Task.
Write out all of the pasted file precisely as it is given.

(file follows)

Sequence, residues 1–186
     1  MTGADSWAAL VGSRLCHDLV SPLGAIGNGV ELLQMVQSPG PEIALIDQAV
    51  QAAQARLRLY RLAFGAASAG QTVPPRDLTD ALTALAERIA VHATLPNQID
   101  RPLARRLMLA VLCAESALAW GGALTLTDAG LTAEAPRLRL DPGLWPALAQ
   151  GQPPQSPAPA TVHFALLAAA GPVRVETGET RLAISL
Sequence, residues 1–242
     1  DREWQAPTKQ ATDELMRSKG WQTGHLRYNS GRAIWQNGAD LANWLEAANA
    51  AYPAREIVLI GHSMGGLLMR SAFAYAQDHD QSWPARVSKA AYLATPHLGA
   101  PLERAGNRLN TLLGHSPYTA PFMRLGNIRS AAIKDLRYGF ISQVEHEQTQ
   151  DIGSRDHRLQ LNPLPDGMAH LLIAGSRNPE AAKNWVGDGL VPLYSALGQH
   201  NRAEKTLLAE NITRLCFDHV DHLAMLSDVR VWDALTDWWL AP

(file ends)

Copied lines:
Sequence, residues 1–186
     1  MTGADSWAAL VGSRLCHDLV SPLGAIGNGV ELLQMVQSPG PEIALIDQAV
    51  QAAQARLRLY RLAFGAASAG QTVPPRDLTD ALTALAERIA VHATLPNQID
   101  RPLARRLMLA VLCAESALAW GGALTLTDAG LTAEAPRLRL DPGLWPALAQ
   151  GQPPQSPAPA TVHFALLAAA GPVRVETGET RLAISL
Sequence, residues 1–242
     1  DREWQAPTKQ ATDELMRSKG WQTGHLRYNS GRAIWQNGAD LANWLEAANA
    51  AYPAREIVLI GHSMGGLLMR SAFAYAQDHD QSWPARVSKA AYLATPHLGA
   101  PLERAGNRLN TLLGHSPYTA PFMRLGNIRS AAIKDLRYGF ISQVEHEQTQ
   151  DIGSRDHRLQ LNPLPDGMAH LLIAGSRNPE AAKNWVGDGL VPLYSALGQH
   201  NRAEKTLLAE NITRLCFDHV DHLAMLSDVR VWDALTDWWL AP